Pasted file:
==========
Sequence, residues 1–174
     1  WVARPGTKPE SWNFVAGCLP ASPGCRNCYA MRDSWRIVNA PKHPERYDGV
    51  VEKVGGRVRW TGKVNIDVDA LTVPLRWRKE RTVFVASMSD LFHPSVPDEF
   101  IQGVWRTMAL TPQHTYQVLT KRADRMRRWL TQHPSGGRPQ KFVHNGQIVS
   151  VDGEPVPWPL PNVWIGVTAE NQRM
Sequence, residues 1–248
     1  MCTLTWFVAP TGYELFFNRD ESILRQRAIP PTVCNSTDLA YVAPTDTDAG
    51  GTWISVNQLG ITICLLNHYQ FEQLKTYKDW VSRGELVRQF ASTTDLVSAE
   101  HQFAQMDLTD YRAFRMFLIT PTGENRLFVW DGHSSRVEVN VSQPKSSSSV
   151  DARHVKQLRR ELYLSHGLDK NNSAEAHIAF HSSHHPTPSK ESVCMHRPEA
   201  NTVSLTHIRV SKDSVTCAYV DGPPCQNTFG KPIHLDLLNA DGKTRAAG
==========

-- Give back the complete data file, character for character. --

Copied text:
Sequence, residues 1–174
     1  WVARPGTKPE SWNFVAGCLP ASPGCRNCYA MRDSWRIVNA PKHPERYDGV
    51  VEKVGGRVRW TGKVNIDVDA LTVPLRWRKE RTVFVASMSD LFHPSVPDEF
   101  IQGVWRTMAL TPQHTYQVLT KRADRMRRWL TQHPSGGRPQ KFVHNGQIVS
   151  VDGEPVPWPL PNVWIGVTAE NQRM
Sequence, residues 1–248
     1  MCTLTWFVAP TGYELFFNRD ESILRQRAIP PTVCNSTDLA YVAPTDTDAG
    51  GTWISVNQLG ITICLLNHYQ FEQLKTYKDW VSRGELVRQF ASTTDLVSAE
   101  HQFAQMDLTD YRAFRMFLIT PTGENRLFVW DGHSSRVEVN VSQPKSSSSV
   151  DARHVKQLRR ELYLSHGLDK NNSAEAHIAF HSSHHPTPSK ESVCMHRPEA
   201  NTVSLTHIRV SKDSVTCAYV DGPPCQNTFG KPIHLDLLNA DGKTRAAG